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Narayan, D. et al. (2000). Voices of the poor: can Anyone hear us? Oxford University press, New York.

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Article

The Role of Safety Net in Ensuring Food Security: The Case of East Harerghe Zone

1College of Social science and Humanities, Haramaya University, Ethiopia


Journal of Behavioural Economics, Finance, Entrepreneurship, Accounting and Transport. 2015, Vol. 3 No. 2, 76-82
DOI: 10.12691/jbe-3-2-3
Copyright © 2015 Science and Education Publishing

Cite this paper:
Chemeda Bokora. The Role of Safety Net in Ensuring Food Security: The Case of East Harerghe Zone. Journal of Behavioural Economics, Finance, Entrepreneurship, Accounting and Transport. 2015; 3(2):76-82. doi: 10.12691/jbe-3-2-3.

Correspondence to: Chemeda  Bokora, College of Social science and Humanities, Haramaya University, Ethiopia. Email: chebokora@gmail.com

Abstract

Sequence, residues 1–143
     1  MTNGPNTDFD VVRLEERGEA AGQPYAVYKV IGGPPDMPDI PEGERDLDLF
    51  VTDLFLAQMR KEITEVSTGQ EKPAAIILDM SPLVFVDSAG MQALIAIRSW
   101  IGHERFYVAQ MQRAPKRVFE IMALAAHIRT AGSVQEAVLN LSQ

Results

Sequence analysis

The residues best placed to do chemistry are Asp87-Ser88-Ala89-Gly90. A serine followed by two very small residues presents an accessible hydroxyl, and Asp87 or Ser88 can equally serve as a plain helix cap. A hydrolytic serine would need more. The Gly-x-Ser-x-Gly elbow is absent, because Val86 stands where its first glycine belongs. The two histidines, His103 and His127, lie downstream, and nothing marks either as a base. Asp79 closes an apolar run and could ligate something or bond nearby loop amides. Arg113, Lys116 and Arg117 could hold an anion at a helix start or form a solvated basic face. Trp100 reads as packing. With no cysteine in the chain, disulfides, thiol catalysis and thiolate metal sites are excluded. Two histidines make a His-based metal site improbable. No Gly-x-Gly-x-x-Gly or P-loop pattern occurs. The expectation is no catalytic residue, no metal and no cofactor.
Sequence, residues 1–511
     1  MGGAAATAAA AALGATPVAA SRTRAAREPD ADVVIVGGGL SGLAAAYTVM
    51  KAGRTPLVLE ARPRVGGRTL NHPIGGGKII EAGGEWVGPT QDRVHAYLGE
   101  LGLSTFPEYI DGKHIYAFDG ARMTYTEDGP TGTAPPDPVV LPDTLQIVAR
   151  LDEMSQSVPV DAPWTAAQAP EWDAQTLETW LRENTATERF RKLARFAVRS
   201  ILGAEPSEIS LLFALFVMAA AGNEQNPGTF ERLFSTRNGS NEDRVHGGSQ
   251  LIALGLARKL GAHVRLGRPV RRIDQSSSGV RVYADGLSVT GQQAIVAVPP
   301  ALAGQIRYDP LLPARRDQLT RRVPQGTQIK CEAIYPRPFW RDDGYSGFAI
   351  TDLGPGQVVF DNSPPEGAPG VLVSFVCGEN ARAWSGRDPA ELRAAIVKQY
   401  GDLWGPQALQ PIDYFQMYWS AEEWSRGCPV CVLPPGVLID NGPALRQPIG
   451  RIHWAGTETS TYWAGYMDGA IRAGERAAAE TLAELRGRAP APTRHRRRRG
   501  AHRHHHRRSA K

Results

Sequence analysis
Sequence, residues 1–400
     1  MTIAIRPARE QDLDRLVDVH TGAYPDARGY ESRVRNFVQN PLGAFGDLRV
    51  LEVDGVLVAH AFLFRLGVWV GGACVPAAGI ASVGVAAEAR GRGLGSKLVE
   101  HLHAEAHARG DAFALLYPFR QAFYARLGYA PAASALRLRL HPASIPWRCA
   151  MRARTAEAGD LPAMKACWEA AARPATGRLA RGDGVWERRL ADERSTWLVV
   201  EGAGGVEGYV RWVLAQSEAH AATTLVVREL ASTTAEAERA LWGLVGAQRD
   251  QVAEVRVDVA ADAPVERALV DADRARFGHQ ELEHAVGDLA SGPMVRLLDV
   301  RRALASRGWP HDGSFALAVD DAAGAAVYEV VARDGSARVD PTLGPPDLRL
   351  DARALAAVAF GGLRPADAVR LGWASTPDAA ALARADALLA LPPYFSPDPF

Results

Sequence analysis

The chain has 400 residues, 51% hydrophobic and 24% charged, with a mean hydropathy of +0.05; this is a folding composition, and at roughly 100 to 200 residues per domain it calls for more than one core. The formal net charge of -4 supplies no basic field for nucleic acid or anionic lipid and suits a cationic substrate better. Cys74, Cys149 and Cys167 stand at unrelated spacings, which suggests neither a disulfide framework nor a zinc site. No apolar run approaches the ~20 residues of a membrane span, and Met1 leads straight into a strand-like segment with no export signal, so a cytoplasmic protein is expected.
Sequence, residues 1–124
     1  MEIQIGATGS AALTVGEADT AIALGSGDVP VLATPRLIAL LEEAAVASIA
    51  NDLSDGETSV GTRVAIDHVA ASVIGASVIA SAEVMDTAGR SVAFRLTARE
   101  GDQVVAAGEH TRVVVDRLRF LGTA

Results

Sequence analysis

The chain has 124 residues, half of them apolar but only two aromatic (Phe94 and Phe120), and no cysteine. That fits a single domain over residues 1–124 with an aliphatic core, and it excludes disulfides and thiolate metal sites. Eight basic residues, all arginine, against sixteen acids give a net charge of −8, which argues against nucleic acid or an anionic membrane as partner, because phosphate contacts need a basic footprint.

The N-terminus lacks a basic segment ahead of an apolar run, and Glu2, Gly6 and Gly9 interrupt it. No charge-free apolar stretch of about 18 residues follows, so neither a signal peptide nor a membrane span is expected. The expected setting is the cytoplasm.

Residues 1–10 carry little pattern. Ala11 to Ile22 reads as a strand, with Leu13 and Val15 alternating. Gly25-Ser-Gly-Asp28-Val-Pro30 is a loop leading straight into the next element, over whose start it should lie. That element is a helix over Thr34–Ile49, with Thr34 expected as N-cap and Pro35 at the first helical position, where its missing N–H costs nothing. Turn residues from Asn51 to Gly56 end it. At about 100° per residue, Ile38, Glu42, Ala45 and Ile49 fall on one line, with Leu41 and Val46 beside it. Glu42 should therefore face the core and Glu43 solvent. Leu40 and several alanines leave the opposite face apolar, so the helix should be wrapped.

Food insecurity affects large area and a large number of people in Ethiopia. Consequently, government and donor agencies have been collaboratively working to curb the problem. A case in point is the Safety Net project in Eastern Hararghe Zone. Nevertheless, corroboration is lacking to reveal the success of the project in ensuring household food requirements. The intent of this research, therefore, is to examine the contribution of Safety Net Project in three districts of East Hararghe zone towards household food security. The research is a descriptive and exploratory case study where both qualitative and quantitative methods are used. Analysis of the data based on standard food security model showed that the contribution of the project to increased mean household food availability is 67.4%. The data also showed that for a one percent increase in relief food, household food availability increases by 76 percent. However, 72.1% of the households could not meet the daily minimum recommended allowance of 2100 calorie per capita. By the same token, the asset creation role of the project was very minimal in that 67 % of the respondents revealed they were compelled to sell their assets. Therefore, it could be concluded that the project did not reliably bring about changes in the livelihoods of the target households. This calls for the formulation and implementation of well thought-out and sound project objectives, incorporation of indigenous knowledge at the various stage of the project, emphasizing on asset building strategies, critically reconsidering timeliness in delivering food and tackling delays and procrastinations, use of agricultural technologies such as irrigation, and conducting timely research by rendering significant latitude to the perception of the beneficiaries among others.

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